Dr. Michael Chipps, president, John Blaylock, executive vice president, and Lyle Kathol, vice president of educational services, have joined Josh Moenning, mayor of Norfolk (NE), and representatives of Christ Lutheran and First Presbyterian churches, as part of a visit centered around Norfolk Schools in Malawi. The school was founded in the city of Blantyre by Joe Mtika, of Norfolk (NE).
The Northeast representatives have met with a number of officials including the country’s minister of education, science and technology; the minister of agriculture, irrigation and water development; the minister of health; the vice chancellor of agriculture and natural resources at Lilongwe University; the vice chancellor of Malawi University of Science and Technology; and Andrew Herrup, chargé d’affairés at the U.S. Embassy in Lilongwe.
The trip is the result of Northeast’s work with local organizers of the Norfolk Schools in Malawi. While on a visit to Washington D.C. in 2017, Chipps extended an invitation to His Excellency Edward Yakobe Sawerengera, ambassador to the United States from Malawi, to visit Nebraska. The ambassador spent a day on the Northeast campus in Norfolk last spring. At the conclusion of his visit, Sawerengera invited Chipps and Moenning to his country.
This week, the Nebraska delegation also participated in a sister city signing ceremony between Norfolk and Blantyre. Blantyre City Mayor Wild Ndipo said the memorandum of understanding will promote the sharing of knowledge and skills in Blantyre City in particular, and Malawi in general.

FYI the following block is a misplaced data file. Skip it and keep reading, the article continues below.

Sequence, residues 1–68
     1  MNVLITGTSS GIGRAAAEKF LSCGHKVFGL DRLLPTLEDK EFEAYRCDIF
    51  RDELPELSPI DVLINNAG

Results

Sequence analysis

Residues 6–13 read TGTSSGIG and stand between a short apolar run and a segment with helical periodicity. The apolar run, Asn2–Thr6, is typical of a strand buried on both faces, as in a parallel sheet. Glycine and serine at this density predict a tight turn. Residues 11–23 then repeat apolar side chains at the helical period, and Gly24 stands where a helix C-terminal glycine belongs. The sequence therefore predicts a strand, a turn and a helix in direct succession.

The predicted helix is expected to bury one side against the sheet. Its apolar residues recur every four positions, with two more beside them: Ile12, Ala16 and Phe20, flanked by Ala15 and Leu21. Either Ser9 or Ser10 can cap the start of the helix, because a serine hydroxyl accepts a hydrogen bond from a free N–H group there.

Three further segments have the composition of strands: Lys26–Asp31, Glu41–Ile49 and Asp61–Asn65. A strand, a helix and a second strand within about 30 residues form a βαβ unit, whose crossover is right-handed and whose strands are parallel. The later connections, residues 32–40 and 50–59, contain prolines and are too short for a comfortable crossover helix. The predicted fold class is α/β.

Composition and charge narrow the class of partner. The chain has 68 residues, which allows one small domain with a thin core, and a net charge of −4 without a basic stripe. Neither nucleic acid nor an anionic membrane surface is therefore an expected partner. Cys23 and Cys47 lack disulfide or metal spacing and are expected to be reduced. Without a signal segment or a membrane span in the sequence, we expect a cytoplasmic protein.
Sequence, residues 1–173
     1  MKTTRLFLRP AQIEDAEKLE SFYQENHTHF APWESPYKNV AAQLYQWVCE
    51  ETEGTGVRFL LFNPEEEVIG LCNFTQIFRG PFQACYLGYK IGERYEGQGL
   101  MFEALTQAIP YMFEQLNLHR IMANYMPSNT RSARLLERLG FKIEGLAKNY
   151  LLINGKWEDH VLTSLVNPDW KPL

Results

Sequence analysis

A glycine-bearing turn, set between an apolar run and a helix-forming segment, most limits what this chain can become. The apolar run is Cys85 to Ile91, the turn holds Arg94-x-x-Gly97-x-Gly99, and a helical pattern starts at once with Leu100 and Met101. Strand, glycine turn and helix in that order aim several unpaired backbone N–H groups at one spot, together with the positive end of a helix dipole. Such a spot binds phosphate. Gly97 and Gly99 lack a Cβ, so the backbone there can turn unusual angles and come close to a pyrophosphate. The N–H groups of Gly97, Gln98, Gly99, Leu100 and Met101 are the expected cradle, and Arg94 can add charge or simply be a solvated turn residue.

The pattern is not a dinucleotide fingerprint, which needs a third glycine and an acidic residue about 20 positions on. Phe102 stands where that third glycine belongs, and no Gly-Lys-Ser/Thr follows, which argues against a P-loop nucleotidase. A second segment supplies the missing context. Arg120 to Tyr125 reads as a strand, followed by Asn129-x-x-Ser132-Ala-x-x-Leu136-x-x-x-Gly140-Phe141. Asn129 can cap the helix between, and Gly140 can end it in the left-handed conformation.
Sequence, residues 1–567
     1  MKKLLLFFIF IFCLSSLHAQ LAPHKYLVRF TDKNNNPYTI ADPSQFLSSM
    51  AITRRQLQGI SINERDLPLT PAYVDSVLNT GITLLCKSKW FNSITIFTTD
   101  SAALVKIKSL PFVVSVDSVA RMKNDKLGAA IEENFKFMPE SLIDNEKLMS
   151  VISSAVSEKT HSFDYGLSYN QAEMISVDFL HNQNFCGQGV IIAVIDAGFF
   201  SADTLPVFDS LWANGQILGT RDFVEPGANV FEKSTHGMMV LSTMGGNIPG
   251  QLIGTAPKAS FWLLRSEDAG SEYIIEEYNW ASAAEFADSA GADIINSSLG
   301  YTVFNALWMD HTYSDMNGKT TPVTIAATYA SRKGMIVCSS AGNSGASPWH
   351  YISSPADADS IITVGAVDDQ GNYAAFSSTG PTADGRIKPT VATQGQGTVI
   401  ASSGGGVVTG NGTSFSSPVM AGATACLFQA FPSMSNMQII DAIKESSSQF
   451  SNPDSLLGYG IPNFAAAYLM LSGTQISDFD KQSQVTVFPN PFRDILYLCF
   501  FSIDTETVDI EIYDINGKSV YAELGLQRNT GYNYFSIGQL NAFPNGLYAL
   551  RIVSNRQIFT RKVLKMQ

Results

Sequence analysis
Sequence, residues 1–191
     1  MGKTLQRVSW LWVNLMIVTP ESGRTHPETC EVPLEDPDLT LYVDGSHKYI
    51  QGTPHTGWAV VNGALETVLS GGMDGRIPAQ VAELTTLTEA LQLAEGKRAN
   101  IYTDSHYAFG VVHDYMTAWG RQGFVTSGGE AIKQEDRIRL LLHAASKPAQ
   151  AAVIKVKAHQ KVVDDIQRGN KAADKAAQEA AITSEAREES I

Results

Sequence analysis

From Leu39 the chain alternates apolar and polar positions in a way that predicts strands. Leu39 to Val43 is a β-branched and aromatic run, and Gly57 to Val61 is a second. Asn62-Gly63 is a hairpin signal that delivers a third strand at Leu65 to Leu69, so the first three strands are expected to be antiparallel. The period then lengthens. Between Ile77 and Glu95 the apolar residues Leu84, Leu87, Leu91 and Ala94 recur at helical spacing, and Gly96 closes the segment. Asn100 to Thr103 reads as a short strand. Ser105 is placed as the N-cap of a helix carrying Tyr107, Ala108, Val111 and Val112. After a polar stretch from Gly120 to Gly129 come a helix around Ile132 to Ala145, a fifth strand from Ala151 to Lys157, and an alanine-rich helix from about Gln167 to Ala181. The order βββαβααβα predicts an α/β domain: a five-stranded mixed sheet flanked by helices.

“Norfolk may be a small city, but it is advanced when it comes to the use of agricultural technologies. So, Malawi will benefit from it.”
In addition, Chipps, Blaylock and Kathol played in instrumental role in a graduation ceremony at Norfolk Schools in Malawi.
Chipps addressed the graduates during the event.
“Being dedicated to the lifelong pursuit of being an educated global citizen is an excellent investment not only in yourself, but in the country of Malawi, as well,” Chipps said. “Now you have a decision to make about your future. I encourage each one of you to set higher goals by attending a college in order to develop a set of skills based on your career interests.
Chipps said Northeast Community College welcomes the opportunity to become the students’ college.
“At Northeast, our Center for Global Engagement is focused on serving international students as they transition from home to being a student at Northeast. You could join four other students from Norfolk Schools in Malawi that started with Northeast in the fall of 2017. These students have adapted well to the rigor of college studies and life away from home.”
Chipps said while Northeast continues to determine its role in its partnership with Norfolk Schools in Malawi, they have come to better understand Sawerengera’s message last year that “The people of Malawi have a dream, but they don’t know how to realize that dream.”
Chipps told the graduates that they are starting to realize their dreams by graduating from high school today.
“I encourage you to continue seeking your dream of a college education. Northeast Community College stands ready and pleased to serve you.”
Chipps, Blaylock and Kathol will return to the United States on Sunday, June 3.
Dr. Michael Chipps, president of Northeast Community College, congratulates one of the graduates of Norfolk Schools in Malawi during a ceremony at the school in Blantyre, Malawi on Thursday. Lyle Kathol, vice president of educational services, and John Blaylock, executive vice president, are on the right.